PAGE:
A REVIEW describing Warrington Borough Council’s portfolio of debt-funded investments as ‘very large and uniquely complex’ has made recommendations.

The Chartered Institute of Public Finance and Accountancy (CIPFA) has carried out a review of the Labour-run council’s debt and investment risk profile.

The report, which has now been published, says the council’s portfolio of debt-funded investments is ‘very large and uniquely complex’.

In the report, it says loans to housing associations is the ‘largest single area’ of council indebtedness – and these loans, should they be ‘fully drawn down’, would take total loans to housing associations to £920.7 million.

The report says: “While the portfolio has challenges and complexities, some elements are deemed comparatively self-managing. Loans to housing associations, for instance, receive limited review from the finance team and take up little officer time.

“There appears to have been no assessment of whether loans will be fully repaid, with the council reliant on past history for confidence about defaults and the security of collateral. However, the risks appear relatively low for a reasonably assured, if modest, return.

“Moreover, housing associations are tending not to renew these facilities as loans mature. So this area of indebtedness may start to decrease appreciably. We recommend that the council undertakes a piece of work to model a small range of scenarios regarding loan payback.”

The report also says there are ‘numerous processes’ in place for decision-making, governance and oversight of individual projects.

“We have heard representations from some members criticising these arrangements, suggesting an officer-led agenda, characterised by overuse of Part Two reports and discomfort with dissent,” it said.

“And we have heard robust rebuttal of these views by lead officers and members of the administration.

“It has been suggested that the investment portfolio unbalances the authority, requiring a substantial staffing, significant expenditure on external experts, and lots of management attention at the expense of engagement with more day-to-day council business.

“Again, such suggestions have met flat repudiation by lead officers and members. It is not for us to referee these disputes, and our work is time limited. However, we do believe there are issues that require lasting resolution and we have proposed an approach to achieving this.”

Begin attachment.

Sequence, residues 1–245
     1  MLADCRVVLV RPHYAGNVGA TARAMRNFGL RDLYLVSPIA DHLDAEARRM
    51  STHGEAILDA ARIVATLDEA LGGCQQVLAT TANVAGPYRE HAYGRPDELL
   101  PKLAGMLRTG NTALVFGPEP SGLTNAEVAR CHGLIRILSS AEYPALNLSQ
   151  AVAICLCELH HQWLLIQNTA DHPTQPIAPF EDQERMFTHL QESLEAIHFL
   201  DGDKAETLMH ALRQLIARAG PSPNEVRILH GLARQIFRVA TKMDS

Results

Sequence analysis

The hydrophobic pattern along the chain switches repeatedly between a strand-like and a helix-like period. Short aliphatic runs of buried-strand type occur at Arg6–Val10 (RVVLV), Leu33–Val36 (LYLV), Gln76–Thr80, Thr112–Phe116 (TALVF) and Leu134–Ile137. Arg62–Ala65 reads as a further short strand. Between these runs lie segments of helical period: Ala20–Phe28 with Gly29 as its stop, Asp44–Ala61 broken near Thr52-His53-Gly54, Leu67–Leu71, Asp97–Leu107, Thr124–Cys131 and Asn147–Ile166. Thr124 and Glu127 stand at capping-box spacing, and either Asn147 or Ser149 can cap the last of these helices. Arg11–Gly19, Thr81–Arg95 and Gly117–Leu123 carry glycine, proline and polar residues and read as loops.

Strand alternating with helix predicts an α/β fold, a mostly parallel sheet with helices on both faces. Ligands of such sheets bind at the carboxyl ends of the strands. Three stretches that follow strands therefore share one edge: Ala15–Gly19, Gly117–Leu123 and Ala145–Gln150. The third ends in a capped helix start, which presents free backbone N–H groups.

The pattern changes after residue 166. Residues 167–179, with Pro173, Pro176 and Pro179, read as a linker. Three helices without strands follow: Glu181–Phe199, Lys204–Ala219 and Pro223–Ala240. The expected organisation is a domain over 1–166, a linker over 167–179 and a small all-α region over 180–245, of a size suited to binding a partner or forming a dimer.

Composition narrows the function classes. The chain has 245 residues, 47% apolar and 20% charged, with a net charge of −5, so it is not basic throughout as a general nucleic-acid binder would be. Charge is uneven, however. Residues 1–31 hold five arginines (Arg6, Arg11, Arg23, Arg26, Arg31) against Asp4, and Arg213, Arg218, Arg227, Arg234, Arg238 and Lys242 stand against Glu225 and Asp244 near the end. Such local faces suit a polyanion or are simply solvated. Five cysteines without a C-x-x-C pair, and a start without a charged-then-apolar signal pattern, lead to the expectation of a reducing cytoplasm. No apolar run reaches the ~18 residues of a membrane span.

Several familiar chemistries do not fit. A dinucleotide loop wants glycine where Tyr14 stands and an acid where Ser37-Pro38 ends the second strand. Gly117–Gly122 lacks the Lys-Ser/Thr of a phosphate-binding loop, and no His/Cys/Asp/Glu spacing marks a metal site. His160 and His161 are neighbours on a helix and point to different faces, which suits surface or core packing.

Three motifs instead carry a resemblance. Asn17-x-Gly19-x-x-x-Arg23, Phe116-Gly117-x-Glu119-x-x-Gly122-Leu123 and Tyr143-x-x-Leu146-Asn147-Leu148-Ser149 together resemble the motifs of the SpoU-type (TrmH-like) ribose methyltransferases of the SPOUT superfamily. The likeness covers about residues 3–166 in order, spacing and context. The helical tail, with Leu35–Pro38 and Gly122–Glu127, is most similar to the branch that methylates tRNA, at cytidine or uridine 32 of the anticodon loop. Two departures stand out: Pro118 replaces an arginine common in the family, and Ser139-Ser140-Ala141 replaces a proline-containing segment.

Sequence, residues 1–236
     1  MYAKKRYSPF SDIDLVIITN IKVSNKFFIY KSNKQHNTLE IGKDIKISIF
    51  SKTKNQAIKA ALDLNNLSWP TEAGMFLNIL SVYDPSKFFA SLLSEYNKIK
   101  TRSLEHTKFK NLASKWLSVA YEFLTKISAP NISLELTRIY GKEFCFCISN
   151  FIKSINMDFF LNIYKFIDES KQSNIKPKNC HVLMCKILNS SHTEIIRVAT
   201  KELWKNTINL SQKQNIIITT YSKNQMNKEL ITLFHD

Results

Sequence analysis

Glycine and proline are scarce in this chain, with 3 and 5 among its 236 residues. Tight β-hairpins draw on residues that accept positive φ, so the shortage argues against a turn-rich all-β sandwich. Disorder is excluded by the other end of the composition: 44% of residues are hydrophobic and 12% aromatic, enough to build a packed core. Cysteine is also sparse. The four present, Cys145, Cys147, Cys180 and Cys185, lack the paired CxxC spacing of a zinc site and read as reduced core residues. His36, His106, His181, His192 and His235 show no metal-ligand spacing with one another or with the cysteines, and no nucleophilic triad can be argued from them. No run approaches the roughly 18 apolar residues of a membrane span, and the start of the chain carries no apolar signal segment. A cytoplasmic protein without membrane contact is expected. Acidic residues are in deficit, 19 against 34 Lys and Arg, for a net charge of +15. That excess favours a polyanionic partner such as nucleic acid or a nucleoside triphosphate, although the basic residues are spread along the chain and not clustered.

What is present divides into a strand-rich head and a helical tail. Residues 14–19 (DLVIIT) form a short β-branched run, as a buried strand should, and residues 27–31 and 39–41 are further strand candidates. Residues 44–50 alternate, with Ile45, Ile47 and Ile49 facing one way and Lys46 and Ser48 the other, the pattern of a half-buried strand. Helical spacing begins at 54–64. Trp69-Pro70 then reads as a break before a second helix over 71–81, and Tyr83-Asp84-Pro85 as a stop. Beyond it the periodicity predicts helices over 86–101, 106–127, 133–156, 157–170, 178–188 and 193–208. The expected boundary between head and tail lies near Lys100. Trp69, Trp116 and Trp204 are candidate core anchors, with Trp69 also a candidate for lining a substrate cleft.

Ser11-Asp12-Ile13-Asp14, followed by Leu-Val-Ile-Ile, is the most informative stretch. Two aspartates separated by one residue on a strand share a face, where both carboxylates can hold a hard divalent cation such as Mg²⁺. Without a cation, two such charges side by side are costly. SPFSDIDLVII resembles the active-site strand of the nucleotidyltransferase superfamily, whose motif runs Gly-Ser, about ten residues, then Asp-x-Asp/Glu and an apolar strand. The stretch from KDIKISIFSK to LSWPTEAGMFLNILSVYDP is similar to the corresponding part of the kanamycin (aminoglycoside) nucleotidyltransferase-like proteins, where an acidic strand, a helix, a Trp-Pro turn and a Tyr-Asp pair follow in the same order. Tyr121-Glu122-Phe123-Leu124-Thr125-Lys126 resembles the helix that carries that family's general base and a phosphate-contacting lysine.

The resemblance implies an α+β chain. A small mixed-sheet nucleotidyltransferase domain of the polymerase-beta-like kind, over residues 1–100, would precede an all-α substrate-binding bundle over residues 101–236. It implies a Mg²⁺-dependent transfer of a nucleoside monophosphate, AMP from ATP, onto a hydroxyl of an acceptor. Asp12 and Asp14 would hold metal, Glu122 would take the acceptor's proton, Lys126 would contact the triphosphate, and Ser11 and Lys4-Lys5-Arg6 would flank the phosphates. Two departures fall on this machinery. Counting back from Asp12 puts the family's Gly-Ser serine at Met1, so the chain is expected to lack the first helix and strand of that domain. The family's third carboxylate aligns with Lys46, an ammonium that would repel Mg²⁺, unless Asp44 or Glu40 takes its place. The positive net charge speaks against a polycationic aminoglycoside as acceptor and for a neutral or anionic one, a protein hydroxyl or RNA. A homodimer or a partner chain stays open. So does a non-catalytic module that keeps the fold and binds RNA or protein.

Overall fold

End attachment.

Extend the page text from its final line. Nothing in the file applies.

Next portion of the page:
The report has made eight recommendations.

These include the council and Department for Levelling Up, Housing and Communities agreeing to the appointment of an independent investments advisory panel, and the council undertaking an objective review of all aspects of its capacity drawing on best practice from the sector.

Furthermore, it recommends that the council undertakes ‘further and more detailed analysis’ of the issues raised in the report to identify the full impact of all the commercial activities of the council against the current budget and MTFS.

It says ‘because at this stage we are not confident that the council has fully assessed these factors’.

“The outcome of this review will enable the council to impact-assess any immediate of near-term detrimental effect on the council’s overall financial situation,” it adds.

“We consider this recommendation be addressed as a matter of urgency.”

Furthermore, the report recommends that the council continues to assess whether it should be making further impairment decisions within its commercial portfolio, adding ‘for example, we suggest that the dilution of the council’s share in the Redwood Bank is an immediate impairment issue’.

It also recommends that the council undertakes regular reviews of its MRP to ensure that any additional expected credit loss has been factored in.

As reported on Wednesday, the Government has ordered a ‘best value’ inspection into Warrington Borough Council amid its huge level of debt.

In a written statement, minister for local government Simon Hoare said: “Warrington Borough Council is one of a small number of councils carrying the biggest risk in terms of debt leverage.

“The council is the most indebted unitary authority in England, with a capital finance requirement of £1.85 billion – 5.5 times its total service expenditure (as of March 2023).

“My department commissioned the Chartered Institute of Public Finance and Accountancy (CIPFA) to undertake a detailed review of Warrington’s capital finances.

“The review, which we are publishing today, found that their portfolio of debt-funded investments is very large and uniquely complex – to a degree that is concerning and puts the council at risk. The report also raises some concerns with decision-making, governance and oversight.”

The Labour-run council issued a statement.

A spokesman said: “The inspection will undoubtedly have our full co-operation, and we will work positively, openly and at pace with the inspector.

“Equally, we welcome the CIPFA review report being made public, following their review in February 2023. We have supported the report being made public since receiving the draft report in September 2023.

“While DLUHC recognises that we have taken steps to address areas for improvement, we will continue to identify any learning and further improvements that can be made as part of this inspection process.

“Finally, we would like to reassure residents and businesses that this review will not impact the valuable services that you depend upon. We will continue to make sure that our day-to-day services remain at the standard you expect and deserve.”